The Start-Up Kit contains everything you need to start and run your own business! This book is a friendly guide covering all aspects of starting up - from developing a business idea and setting up a company to marketing your new business, getting that first sale and making the most of the latest tech developments.
Full of great advice from start-up expert Emma Jones, it's packed with case studies of people who've successfully started their own businesses. It also comes with over £500-worth of offers from some of the leading brands for small business.
©2013 Harriman House (P)2014 Prospero Media
This is a cosy over the fence book of neighbourly natter ideal for somebody who's happy just dreaming about starting their own business but never will. It eagerly cites notorious scams and age old dead end endeavours as bright new opportunities with tremendous potential. It seems the research put in for this trip to the financial gallows extended no further than cutting and pasting from exuberant adverts promising $$$$s a day in spare time earnings.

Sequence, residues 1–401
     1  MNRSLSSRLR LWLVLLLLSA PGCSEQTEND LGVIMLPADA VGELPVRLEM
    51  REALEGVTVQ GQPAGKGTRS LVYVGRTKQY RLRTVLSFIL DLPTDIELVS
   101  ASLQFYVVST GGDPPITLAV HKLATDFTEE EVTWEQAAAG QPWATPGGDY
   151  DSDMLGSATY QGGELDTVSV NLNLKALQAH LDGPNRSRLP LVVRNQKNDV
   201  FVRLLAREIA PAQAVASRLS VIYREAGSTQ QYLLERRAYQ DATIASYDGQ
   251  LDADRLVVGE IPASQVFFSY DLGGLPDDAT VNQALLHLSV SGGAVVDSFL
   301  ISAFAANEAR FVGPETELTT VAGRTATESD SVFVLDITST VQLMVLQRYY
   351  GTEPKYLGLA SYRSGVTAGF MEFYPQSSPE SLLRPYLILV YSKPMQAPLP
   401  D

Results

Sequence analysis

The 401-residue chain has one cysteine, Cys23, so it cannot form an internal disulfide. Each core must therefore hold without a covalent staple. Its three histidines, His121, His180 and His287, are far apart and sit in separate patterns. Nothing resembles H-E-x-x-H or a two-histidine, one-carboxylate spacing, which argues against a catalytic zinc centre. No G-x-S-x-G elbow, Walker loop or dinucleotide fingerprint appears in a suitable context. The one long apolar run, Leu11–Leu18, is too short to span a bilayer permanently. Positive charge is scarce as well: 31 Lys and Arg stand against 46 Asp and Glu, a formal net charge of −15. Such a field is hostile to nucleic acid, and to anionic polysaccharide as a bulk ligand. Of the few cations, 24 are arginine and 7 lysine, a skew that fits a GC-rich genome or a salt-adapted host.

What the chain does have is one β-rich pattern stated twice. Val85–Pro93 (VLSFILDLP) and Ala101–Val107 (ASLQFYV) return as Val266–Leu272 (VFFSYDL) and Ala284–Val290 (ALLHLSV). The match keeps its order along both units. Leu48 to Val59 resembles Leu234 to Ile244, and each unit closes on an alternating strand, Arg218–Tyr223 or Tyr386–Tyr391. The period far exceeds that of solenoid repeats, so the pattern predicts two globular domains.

Not only does Emma Jones have no experience of the fields she promotes, she evidently has never spoken to anybody who has either. All I learned from this book is that anybody can write a book on any subject and sell it on-line under the guise of expert advice.
There are plenty of good step by step books on starting up. This is not one of them.
Research her advice.
Performance is fine.
Dismay and disbelief.
Emma Jones should be sentenced to having to engage in some of the hopeless business practices she encourages other to pursue. At least then, having wasted her own time and money she might have something to offer, at least in terms of caution.
Most often there is more to a successful business than determination and positivity. No, failure is not an option, this is true. If it was no one would choose to experience it. Failure is however a consequence; usually of poor research and a refusal to face facts.
Kleeneeze? Avon? Oh Emma, please...
"Could have been a lot better."
This book was filled with more websites and technologies than actual advise on starting your own business. Mostly relevant to the UK market.
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